To do this, The General Store called on musician Neal Sutherland to compose a custom soundtrack for the store punctuated by sounds of animals, as well as development of a the signature Shoes of Prey scent which is released within the space and in the future will be featured inside the products’ box on delivery.

“We made sure that when people rest their arms on the table its a very tactile experience, the leather feels beautiful, and the soft table gives the right amount.

“We’re trying to engulf them in an experience so they don’t notice time passing and get caught up in the design experience.”

Another highlight of the store is the shoe gallery featured on the back wall, which uses leather samples alongside framed shoes designed by customers to provide inspiration.

“One of the interesting insights is that while some people want to design a shoe from scratch, others may want to customise an existing design. The gallery wall is going to be key in the process and will inspire and give people ideas.”

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Each shoe features a plaque, stating the name and location of the person who designed it. Celebrities will also be included in the mix, giving shoppers the feeling that Shoes of Prey is a brand for everyone.

Once a customer has designed and purchased their shoe, the next challenge was addressing the issue of leaving empty handed.

“We were really conscious of that purchase remorse that can happen if you walk out empty handed, so we’ve created a gift which can be made on the spot and taken away with them.”

Each purchaser instore receives a leather keyring handbag ornament made from the leathers they’ve selected for their shoes.

This serves the dual purpose of having something tangible when they leave the store, and also ties the handbag to the shoes once they’ve arrived.

“The whole experience is linked, from seeing the store across the floor to what happens when you hit buy, get the gift and when the product arrives – it’s all integrated.”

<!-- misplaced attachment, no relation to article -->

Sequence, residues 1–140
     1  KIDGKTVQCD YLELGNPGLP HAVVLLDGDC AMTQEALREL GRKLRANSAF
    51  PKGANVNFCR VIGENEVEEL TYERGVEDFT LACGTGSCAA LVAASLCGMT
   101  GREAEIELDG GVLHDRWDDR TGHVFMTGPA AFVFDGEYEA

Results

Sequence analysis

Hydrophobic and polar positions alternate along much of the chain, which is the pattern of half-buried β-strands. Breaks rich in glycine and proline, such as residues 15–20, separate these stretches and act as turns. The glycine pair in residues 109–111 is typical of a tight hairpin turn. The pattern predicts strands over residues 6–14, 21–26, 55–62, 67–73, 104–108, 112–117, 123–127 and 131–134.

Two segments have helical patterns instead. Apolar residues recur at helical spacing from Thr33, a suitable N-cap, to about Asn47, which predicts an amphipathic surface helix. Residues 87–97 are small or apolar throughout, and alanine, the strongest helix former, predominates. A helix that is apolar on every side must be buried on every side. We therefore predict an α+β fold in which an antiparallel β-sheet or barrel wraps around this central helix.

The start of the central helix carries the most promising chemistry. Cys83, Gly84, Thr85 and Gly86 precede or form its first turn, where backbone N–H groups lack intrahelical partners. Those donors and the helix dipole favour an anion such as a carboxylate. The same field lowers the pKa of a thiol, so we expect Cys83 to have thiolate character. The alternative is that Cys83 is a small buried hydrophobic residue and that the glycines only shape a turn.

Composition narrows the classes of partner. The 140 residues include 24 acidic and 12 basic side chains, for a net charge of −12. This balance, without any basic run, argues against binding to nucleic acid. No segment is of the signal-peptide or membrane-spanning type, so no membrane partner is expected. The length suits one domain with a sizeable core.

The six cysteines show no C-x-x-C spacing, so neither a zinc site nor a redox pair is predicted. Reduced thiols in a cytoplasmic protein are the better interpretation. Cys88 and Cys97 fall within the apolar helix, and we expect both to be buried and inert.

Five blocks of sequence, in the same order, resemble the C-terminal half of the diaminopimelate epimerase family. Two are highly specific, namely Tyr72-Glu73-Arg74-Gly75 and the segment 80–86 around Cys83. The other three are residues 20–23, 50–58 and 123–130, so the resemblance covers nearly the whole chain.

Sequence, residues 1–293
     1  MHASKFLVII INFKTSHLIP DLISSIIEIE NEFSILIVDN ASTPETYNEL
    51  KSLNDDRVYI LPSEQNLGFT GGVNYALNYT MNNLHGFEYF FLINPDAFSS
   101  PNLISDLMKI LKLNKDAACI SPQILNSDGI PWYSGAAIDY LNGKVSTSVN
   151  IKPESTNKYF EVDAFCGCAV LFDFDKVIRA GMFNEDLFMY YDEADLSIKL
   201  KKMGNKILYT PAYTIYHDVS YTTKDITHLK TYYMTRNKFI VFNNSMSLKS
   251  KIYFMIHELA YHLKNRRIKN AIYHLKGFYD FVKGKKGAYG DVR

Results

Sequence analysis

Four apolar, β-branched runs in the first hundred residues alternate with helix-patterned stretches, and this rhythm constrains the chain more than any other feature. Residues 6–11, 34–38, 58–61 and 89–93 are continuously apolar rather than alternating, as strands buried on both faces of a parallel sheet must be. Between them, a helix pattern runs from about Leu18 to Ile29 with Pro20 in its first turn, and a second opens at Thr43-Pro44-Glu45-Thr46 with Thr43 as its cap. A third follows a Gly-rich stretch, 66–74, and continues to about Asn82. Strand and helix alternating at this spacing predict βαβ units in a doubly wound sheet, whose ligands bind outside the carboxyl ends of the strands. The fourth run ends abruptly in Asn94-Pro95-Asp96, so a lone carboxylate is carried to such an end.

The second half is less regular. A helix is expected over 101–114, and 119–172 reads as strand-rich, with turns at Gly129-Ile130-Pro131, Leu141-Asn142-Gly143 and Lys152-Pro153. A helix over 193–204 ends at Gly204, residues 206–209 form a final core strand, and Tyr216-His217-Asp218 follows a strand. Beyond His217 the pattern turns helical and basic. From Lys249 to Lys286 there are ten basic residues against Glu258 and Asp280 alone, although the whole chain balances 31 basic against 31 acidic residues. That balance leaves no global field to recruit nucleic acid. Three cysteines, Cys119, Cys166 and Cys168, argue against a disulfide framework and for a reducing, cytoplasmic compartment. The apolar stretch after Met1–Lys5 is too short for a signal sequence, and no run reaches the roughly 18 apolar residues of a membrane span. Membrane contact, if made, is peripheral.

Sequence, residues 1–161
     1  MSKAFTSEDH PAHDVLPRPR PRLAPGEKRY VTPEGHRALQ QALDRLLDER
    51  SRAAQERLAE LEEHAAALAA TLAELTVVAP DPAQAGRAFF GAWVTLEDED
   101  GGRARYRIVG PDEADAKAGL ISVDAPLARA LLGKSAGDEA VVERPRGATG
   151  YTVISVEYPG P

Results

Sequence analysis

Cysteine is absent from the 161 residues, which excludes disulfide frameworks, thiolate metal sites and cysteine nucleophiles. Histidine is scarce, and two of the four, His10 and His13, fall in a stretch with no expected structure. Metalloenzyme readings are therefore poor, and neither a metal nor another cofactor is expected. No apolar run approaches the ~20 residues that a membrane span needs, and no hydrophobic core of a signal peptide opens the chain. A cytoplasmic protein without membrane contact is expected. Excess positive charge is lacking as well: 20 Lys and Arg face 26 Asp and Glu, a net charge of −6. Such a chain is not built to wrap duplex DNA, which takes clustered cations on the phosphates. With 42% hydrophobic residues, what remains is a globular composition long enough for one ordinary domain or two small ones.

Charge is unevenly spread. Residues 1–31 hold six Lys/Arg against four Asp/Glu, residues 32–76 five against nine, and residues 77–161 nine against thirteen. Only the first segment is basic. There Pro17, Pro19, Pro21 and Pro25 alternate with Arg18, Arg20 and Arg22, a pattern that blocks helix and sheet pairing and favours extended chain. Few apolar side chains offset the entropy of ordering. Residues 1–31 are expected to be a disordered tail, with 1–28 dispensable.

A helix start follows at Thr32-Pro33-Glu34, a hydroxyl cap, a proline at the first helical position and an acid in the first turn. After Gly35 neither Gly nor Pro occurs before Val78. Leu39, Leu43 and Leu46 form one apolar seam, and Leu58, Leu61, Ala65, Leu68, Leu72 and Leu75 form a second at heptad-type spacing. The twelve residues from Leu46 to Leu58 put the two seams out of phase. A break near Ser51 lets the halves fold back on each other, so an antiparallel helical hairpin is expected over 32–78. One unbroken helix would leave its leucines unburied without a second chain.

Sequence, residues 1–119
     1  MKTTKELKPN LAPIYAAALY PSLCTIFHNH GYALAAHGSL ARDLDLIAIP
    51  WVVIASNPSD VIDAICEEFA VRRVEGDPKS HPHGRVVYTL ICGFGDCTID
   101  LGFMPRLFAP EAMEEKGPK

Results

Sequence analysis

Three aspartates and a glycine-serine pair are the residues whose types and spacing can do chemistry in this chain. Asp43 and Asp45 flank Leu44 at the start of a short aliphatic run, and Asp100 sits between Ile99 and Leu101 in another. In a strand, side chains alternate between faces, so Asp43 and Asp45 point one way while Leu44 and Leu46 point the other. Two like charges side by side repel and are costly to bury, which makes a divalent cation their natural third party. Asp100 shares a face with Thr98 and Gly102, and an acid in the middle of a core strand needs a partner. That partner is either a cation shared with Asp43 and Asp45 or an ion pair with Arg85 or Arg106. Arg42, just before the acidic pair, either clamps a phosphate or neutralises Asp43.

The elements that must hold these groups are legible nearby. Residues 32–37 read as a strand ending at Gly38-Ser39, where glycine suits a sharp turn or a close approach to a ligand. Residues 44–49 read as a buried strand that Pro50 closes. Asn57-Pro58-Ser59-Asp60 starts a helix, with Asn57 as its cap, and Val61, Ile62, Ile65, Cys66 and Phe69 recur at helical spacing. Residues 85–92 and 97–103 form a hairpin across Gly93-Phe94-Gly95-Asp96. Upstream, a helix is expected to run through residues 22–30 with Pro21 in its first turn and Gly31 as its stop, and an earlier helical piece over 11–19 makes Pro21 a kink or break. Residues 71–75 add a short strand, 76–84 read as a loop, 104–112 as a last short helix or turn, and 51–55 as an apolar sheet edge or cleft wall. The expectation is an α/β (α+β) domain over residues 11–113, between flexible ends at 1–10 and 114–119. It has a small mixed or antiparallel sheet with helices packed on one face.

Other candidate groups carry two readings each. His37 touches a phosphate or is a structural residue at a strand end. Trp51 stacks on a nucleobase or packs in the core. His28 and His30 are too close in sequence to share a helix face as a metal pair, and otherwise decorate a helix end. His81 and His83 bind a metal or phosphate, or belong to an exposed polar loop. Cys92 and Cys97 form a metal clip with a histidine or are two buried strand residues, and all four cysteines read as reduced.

The store will initially be staffed by two Shoes of Prey assistants, although this may be scaled back to one as time progresses, with pricepoints identical both online and instore.

Said Fox: “It is interesting that we’ve got a traditional 175 year old retailer partnering up with a three and a half year old start up in Shoes of Prey, which is two extremes at opposite ends of the spectrum.”

While the David Jones store is Shoes of Prey’s first Australian physical presence, it has already established a smaller presence within the Marui department store in Japan, as well as hosting pop ups at Japan’s Daimaru.


More stores locations are planned for the bricks and mortar concept, but for now, the Elizabeth St concession serves as a trial.

“More stores are definitely the plan, but this is a trial. It’s the closest David Jones store to our office, so we can spend a lot of time learning,” says Fox.

“It’s a totally different set of issues than what we have online. We have to talk to customers and have a different pitch to what we have on our homepage, and there’s the logistical issues of staffing, and a lot of process things around operating instore.

“As we learn how we can best maximise the sales in the store and if we can make it profitable, then we can roll it out over other DJs department stores and potentially across other department stores globally too.”

This story originally appeared in Inside Retail Magazine. The August/September issue, featuring exclusive coverage of the 2013 Westfield World Retail Study Tour is available now. For more information, click here.